Session: 201. Granulocytes, Monocytes, and Macrophages: Poster I
Hematology Disease Topics & Pathways:
Research, Clinical Research, Therapies, immunology, Biological Processes
We employed super-resolution and dynamic confocal microscopy to study the impact of cytokines, mainly M-CSF and IL-34, on primary AMs phenotype and migration behavior in vitro. Additionally, we performed functional in vitro assays to study AMs phagocytic behavior. To study the outcome of exogenous cytokine stimulation on the pulmonary immune response in vivo we employed mouse models of allo-HCT (8 Gy TBI, C57Bl/6àBALB/c) and invasive A. fumigatus infection. To this end, we monitored the survival and clinical performance of the mice and investigated local host-pathogen interaction using flow cytometry and 3D light sheet fluorescence microscopy.
HCT recipients survived A. fumigatus infection when infected 6 days but not 4 days after HCT. AMs showed the highest frequency, proliferation and phagocytic activity in the lung, when compared to neutrophils and monocytes, suggesting that tissue-resident AMs were responsible for protecting mice from A. fumigatus infection. This observation was confirmed by selective AM depletion, which rendered mice vulnerable to uncontainable infection. Subsequently, we investigated whether cytokines could boost AMs to achieve earlier protection. In vitro, M-CSF but not IL-34, increased AMs migration speed (0.52 vs. 0.3 µm/min, respectively) and versatility (diffusion co-efficient of 0.78 vs. 0.6 µm2/min, respectively). Next, we treated HCT-recipients with M-CSF and subsequently infected them intratracheally with A. fumigatus 4 days after HCT. M-CSF boosted myelopoiesis by 2-fold and, importantly, locally expanded tissue-resident AMs by 1.5-fold. Additionally, M-CSF improved AM killing capacity and protected 90% of HCT recipients from lethal A. fumigatus infection on day 4 after HCT. Additionally, M-CSF fostered lung tissue integrity and reduced serum levels of pro-inflammatory cytokines. Finally, M-CSF treatment did not protect from lethal aspergillosis upon local depletion of AMs in HCT recipients supporting the importance of a functional pool of tissue-resident AMs to protect from pulmonary infections maintaining lung function.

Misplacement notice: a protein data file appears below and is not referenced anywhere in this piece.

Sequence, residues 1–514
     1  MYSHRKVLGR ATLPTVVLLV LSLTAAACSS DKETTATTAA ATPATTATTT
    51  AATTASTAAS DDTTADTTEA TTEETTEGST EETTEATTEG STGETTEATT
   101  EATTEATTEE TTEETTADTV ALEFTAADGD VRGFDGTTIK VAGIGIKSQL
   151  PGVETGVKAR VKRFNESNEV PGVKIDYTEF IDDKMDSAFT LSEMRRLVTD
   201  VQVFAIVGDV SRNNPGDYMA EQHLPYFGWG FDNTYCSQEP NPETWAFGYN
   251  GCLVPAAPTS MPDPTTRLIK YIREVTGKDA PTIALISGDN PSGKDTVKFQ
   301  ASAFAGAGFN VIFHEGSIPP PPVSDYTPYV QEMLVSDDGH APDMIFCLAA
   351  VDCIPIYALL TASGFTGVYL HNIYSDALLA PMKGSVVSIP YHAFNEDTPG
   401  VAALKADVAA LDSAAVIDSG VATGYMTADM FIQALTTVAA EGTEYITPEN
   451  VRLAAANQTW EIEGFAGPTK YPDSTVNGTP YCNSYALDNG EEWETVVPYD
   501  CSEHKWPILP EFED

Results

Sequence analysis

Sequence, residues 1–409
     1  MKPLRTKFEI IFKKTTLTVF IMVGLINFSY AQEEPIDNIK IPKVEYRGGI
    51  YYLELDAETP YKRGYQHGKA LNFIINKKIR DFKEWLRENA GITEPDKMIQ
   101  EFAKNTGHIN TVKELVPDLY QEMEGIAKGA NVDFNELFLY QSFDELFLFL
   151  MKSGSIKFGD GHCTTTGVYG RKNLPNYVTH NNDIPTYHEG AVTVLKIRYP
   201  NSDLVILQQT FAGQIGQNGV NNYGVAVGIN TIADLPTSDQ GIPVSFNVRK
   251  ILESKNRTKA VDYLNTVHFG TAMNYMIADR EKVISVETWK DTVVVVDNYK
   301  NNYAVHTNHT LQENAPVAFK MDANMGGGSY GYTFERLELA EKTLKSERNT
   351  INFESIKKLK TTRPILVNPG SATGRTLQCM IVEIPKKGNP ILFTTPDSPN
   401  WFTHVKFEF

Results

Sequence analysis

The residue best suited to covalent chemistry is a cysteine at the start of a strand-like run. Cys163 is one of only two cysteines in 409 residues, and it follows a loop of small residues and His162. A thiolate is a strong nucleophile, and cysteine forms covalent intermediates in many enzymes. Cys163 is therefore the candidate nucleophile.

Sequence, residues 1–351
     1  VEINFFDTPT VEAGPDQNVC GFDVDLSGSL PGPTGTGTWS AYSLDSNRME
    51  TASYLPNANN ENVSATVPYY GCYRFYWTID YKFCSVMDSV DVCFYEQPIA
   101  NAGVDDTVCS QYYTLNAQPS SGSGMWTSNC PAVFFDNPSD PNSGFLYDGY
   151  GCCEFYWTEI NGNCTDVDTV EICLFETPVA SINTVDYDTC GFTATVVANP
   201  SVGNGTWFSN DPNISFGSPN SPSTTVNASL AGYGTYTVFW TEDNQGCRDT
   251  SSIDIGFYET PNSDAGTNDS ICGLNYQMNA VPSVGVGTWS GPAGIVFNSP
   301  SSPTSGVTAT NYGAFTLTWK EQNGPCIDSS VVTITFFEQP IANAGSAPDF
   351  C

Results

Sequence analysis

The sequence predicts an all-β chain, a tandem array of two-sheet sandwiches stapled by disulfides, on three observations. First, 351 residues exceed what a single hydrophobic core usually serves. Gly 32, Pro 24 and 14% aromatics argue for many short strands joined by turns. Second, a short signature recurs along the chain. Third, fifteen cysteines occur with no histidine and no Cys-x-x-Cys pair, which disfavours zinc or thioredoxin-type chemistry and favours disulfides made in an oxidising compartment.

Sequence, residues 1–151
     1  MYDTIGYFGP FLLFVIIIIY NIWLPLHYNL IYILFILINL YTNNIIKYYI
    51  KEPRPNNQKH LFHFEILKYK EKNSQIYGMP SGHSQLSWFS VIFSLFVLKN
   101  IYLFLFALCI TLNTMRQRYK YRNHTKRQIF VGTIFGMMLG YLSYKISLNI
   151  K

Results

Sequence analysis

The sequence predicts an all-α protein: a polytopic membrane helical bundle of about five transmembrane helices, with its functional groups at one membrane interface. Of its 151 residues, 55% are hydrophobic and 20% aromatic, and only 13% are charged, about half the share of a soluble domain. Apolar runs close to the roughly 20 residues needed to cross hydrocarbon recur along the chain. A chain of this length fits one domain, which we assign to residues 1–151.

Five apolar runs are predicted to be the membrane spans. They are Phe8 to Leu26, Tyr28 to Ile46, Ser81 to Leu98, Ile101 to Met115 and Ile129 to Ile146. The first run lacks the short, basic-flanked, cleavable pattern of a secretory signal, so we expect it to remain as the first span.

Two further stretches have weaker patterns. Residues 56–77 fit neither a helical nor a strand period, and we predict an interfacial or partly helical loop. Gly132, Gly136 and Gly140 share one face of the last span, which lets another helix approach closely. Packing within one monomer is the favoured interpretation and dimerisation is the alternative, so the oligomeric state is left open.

Conclusively, these data support that M-CSF holds great potential for clinical application by fostering tissue-resident AMs responsiveness to preserve lung function and protect from early A. fumigatus infections in HCT recipients.
Disclosures: Einsele: BMS/Celgene: Consultancy, Membership on an entity's Board of Directors or advisory committees, Other: Travel Grants, Research Funding; Janssen: Consultancy, Honoraria, Membership on an entity's Board of Directors or advisory committees, Other: Travel Grants, Research Funding; Amgen: Consultancy, Honoraria, Membership on an entity's Board of Directors or advisory committees, Other: travel grants; Takeda: Consultancy, Honoraria, Membership on an entity's Board of Directors or advisory committees, Other: travel grants; Sanofi: Consultancy, Honoraria, Research Funding; GSK: Consultancy, Membership on an entity's Board of Directors or advisory committees, Research Funding; Novartis: Other: travel grants.
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